Gabriel Negatu
Handshake of two glossy characters
Benjamin Mugisha is a speaker at the upcoming finance and investment track at African Utility Week in Cape Town.

Benjamin MugishaPlease tell us more about your organisation, The African Trade Insurance Agency, and your activities around Africa?

ATI is a multilateral institution, majority owned by 10 African countries (Benin, Burundi, the Democratic Republic of Congo, Kenya, Madagascar, Malawi, Rwanda, Tanzania, Uganda and Zambia) as well as other non-country members including the African Development Bank, SACE and PTA Bank.

Ethiopia, Cote d’Ivoire and Zimbabwe are at advanced stages of completing their membership. Also, the Economic Community of West African States intends to join as a block.

ATI was been set up to attract investments and promote trade related to our member countries. We do that by insuring investments in member countries and by insuring the commercial risks when companies are doing business with each other. Over the years we have developed a whole range of products that meet the needs of our markets.

Any specific projects in the energy sector you are particularly excited about?

ATI is also seen as an important intermediary and partner by development partners including the European Investment Bank, KfW and the International Finance Corporation in their efforts to develop products to support SE4ALL projects in Africa.

We are particularly excited about the opportunity to support such initiatives to address the energy gaps in Africa on a programme rather than project level; whether it is in generation, transmission, access or efficiency.

On a transaction basis, we are working on a number of very exciting projects. Without going into specifics, these include several mini and medium sized hydros, solar and wind projects across many of our member states and “non-renewable energy” projects.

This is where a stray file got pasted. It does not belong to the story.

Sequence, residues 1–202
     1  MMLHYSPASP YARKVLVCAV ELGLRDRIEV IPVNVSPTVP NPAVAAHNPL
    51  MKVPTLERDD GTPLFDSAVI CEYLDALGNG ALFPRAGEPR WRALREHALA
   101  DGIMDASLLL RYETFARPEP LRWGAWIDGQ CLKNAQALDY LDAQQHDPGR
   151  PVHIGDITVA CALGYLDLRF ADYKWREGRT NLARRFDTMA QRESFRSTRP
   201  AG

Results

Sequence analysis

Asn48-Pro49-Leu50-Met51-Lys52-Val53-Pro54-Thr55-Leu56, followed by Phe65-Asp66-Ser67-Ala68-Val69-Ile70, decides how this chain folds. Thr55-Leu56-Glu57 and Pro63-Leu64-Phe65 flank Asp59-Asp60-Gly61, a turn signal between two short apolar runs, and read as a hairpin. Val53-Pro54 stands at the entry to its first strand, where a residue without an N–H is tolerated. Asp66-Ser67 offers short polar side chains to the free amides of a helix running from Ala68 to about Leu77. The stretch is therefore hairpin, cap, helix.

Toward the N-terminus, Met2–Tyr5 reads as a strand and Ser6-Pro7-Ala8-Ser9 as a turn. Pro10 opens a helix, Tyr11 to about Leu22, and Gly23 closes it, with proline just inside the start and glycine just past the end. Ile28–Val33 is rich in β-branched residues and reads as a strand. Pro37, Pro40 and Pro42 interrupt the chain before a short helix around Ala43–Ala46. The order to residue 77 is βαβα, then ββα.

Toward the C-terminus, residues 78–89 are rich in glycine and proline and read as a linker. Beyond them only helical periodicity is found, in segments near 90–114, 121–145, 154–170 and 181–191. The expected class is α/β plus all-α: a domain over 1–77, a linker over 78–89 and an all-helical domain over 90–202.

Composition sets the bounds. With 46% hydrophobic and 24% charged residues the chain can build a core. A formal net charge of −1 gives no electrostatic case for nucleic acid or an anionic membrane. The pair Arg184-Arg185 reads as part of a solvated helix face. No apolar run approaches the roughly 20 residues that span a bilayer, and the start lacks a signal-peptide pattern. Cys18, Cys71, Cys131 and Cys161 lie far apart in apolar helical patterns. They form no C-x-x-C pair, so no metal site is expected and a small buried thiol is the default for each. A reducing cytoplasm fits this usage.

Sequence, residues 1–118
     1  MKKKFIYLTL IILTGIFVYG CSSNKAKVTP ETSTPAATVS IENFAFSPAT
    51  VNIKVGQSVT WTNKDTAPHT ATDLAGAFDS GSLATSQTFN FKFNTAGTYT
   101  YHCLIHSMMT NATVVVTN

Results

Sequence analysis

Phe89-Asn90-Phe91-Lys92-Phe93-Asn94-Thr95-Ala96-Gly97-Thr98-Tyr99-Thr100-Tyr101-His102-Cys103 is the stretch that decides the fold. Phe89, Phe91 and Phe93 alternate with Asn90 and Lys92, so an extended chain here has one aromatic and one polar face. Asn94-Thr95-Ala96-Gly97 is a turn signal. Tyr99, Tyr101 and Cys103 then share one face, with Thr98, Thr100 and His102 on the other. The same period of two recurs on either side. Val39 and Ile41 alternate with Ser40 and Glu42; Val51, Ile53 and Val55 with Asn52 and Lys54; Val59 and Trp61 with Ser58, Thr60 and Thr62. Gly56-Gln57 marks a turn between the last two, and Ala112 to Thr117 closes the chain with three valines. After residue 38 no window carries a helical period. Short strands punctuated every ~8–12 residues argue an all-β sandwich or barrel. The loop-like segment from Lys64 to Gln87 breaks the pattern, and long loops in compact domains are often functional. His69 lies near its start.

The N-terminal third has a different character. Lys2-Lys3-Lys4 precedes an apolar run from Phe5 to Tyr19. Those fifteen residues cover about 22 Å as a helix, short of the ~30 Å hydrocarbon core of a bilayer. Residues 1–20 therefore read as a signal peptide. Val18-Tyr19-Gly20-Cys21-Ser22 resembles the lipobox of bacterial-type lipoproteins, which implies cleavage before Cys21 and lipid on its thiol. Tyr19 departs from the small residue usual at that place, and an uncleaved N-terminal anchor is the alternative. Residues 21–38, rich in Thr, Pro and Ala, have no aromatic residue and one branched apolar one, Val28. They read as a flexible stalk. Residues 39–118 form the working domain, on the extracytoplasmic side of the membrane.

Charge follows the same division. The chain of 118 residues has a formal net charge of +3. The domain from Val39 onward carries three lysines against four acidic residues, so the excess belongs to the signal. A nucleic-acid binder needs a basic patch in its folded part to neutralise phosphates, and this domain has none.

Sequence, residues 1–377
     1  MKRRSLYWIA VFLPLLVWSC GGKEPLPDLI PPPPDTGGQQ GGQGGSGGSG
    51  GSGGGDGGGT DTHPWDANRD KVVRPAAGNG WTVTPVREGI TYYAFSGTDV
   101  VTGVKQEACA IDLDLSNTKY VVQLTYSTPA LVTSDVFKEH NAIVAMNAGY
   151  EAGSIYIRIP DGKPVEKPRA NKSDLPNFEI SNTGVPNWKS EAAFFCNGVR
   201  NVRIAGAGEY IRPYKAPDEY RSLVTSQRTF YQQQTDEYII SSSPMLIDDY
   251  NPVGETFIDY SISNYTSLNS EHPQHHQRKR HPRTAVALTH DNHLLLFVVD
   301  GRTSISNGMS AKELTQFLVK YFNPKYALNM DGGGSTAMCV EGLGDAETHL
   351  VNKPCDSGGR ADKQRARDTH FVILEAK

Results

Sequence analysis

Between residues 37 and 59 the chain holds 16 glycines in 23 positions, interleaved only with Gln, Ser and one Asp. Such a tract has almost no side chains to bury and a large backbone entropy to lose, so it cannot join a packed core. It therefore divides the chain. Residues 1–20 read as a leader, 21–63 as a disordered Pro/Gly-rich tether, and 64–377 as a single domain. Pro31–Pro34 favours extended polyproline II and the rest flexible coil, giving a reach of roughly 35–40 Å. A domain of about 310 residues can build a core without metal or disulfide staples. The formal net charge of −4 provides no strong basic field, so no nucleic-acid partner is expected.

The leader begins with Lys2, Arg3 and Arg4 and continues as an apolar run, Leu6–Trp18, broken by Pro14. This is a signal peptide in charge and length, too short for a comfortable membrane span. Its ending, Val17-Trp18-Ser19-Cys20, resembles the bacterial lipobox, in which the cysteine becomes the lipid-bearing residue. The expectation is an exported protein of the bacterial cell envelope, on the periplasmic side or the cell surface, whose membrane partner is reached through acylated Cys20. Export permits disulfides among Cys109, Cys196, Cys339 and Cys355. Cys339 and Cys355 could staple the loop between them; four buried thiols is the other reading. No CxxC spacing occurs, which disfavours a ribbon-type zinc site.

ATI has an established track record in underwriting energy projects and we provide power producers, and suppliers, with risk mitigation (non-payment, arbitration award default and other investment risks).

What are the main challenges in project finance in the energy sector on the continent?

To us, the main problem is project bankability. We have a pipeline of over $ 1.4 billion but many projects have not yet reached financial close because there are significant hurdles to make them bankable. ATI can play a crucial role in achieving bankability by absorbing risks the private sector is not eager to take; but often these risks do not represent the only barrier to bankability and all gaps need to be addressed before financial close.

Our product range helps to make these projects bankable either by insuring project cash flows (utility risk) or covering the political risks such as non-honouring of sovereign/sub-sovereign obligations and guarantees. In addition, we are working with Banks to address liquidity challenges.

Size is not important; we can work with power projects that are small as we are looking at the bigger picture with regard to solutions. Small projects can play a big role in addressing Africa’s challenge of energy scarcity.